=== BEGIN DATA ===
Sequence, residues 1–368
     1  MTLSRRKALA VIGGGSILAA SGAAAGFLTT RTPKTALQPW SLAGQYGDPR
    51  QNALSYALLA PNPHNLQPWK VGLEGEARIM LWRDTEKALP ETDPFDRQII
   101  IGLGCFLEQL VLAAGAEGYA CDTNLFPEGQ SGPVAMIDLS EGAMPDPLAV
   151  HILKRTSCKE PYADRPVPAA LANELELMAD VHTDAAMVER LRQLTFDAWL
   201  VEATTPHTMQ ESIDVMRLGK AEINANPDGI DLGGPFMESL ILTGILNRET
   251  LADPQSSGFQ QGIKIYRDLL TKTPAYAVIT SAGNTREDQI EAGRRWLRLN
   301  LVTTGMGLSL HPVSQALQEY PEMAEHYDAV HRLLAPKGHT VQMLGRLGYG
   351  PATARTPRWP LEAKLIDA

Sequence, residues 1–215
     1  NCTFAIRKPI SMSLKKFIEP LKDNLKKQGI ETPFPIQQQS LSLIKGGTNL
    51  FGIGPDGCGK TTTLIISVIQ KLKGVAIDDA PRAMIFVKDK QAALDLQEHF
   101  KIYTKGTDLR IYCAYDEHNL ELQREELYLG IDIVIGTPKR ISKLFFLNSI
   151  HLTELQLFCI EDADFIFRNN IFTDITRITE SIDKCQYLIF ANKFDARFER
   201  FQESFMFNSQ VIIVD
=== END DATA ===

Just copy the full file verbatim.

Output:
Sequence, residues 1–368
     1  MTLSRRKALA VIGGGSILAA SGAAAGFLTT RTPKTALQPW SLAGQYGDPR
    51  QNALSYALLA PNPHNLQPWK VGLEGEARIM LWRDTEKALP ETDPFDRQII
   101  IGLGCFLEQL VLAAGAEGYA CDTNLFPEGQ SGPVAMIDLS EGAMPDPLAV
   151  HILKRTSCKE PYADRPVPAA LANELELMAD VHTDAAMVER LRQLTFDAWL
   201  VEATTPHTMQ ESIDVMRLGK AEINANPDGI DLGGPFMESL ILTGILNRET
   251  LADPQSSGFQ QGIKIYRDLL TKTPAYAVIT SAGNTREDQI EAGRRWLRLN
   301  LVTTGMGLSL HPVSQALQEY PEMAEHYDAV HRLLAPKGHT VQMLGRLGYG
   351  PATARTPRWP LEAKLIDA

Sequence, residues 1–215
     1  NCTFAIRKPI SMSLKKFIEP LKDNLKKQGI ETPFPIQQQS LSLIKGGTNL
    51  FGIGPDGCGK TTTLIISVIQ KLKGVAIDDA PRAMIFVKDK QAALDLQEHF
   101  KIYTKGTDLR IYCAYDEHNL ELQREELYLG IDIVIGTPKR ISKLFFLNSI
   151  HLTELQLFCI EDADFIFRNN IFTDITRITE SIDKCQYLIF ANKFDARFER
   201  FQESFMFNSQ VIIVD